In one of my many talks with one of my conservative friends, we inevitably got to the subject of race and marriage. (Note: It’s been my experience that people who aren’t used to being around folks outside their race tend to bring up ‘race relations’ with a nauseating frequency. They also have a taste for prefacing their sentences with, “Well everyone’s a little bit racist,” or my favorite, “I’m not racist but…”).
Anyway, he claimed one of the ‘problems’ with black youth is that ‘most’ of us are raised in single family households — that if our parents married more often, we’d have have some sort of holy trinity between child, mother and father. Evidently, this lack of the family trifecta pushes young Negroes to perform poorly in school and happily in engage in socially harmful activities.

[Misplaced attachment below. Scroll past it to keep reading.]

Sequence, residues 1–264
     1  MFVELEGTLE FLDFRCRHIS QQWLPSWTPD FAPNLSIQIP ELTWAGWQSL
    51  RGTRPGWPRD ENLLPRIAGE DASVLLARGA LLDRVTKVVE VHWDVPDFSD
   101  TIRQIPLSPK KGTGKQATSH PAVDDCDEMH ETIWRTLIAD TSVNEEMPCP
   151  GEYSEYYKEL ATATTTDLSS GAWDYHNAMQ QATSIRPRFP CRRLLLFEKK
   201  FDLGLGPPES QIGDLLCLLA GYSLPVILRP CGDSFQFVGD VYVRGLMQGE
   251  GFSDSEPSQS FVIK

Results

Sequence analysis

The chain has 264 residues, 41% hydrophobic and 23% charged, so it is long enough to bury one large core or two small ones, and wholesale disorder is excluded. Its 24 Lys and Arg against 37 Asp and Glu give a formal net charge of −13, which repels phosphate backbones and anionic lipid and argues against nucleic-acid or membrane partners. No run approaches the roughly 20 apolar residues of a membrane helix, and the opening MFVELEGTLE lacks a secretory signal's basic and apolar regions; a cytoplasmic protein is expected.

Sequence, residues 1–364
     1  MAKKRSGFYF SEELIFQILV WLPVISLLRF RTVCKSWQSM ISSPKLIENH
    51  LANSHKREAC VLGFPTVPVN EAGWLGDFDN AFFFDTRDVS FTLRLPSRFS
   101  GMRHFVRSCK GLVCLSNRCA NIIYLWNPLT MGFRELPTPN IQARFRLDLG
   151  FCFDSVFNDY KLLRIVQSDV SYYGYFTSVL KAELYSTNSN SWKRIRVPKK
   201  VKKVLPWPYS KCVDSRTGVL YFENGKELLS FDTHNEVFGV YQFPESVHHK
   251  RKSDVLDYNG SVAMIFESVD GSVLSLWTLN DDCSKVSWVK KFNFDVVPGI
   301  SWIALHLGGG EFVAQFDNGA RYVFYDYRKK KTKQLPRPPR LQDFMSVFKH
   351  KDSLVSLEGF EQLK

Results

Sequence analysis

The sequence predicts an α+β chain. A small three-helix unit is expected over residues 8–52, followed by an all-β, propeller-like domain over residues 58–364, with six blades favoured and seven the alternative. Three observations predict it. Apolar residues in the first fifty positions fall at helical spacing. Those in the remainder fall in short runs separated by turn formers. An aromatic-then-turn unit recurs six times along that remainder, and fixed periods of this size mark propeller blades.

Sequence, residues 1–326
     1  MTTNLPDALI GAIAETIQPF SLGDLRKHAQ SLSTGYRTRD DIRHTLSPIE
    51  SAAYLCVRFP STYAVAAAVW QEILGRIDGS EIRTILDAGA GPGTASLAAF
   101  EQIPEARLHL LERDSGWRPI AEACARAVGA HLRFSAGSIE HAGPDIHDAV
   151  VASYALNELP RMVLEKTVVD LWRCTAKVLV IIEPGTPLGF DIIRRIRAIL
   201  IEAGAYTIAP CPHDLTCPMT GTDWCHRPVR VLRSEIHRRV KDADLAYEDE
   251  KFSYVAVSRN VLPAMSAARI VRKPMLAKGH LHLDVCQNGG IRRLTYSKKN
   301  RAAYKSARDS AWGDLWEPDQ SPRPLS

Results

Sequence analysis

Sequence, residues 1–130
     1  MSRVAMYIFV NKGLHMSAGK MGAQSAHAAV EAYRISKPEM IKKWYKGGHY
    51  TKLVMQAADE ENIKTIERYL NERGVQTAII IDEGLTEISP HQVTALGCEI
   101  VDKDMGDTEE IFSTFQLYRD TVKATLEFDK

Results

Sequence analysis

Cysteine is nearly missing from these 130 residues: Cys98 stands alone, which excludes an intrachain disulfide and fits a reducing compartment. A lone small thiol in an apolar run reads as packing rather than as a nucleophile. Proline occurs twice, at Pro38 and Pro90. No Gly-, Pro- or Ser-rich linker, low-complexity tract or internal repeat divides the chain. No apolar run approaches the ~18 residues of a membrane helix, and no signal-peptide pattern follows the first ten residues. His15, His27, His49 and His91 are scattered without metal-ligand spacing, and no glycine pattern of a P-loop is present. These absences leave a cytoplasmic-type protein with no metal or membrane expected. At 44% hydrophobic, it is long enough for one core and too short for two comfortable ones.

Not. Fucking. True.
Single parent households are not endemic to the black community. And young black Americans by-and-large are just as rowdy, ambitious and full of promise as any other American youth. The truth of the matter is this: marriage doesn’t solve anything.
The ring in that of itself is nothing without its meaning. It represents commitment, love and long-lasting partnership “till death do us part.” But marriage doesn’t cause these benefits, nor do these attributes always result in marriage. The problem is that a considerable number of Americans — regardless of whether they marry — simply aren’t staying together.
This piece offers some explanations as to why this may be, but in my view it simply reinforces the fact that people shouldn’t be oversimplified. People fall in and out of love, some marriages persist, others wilt — no color is exempt.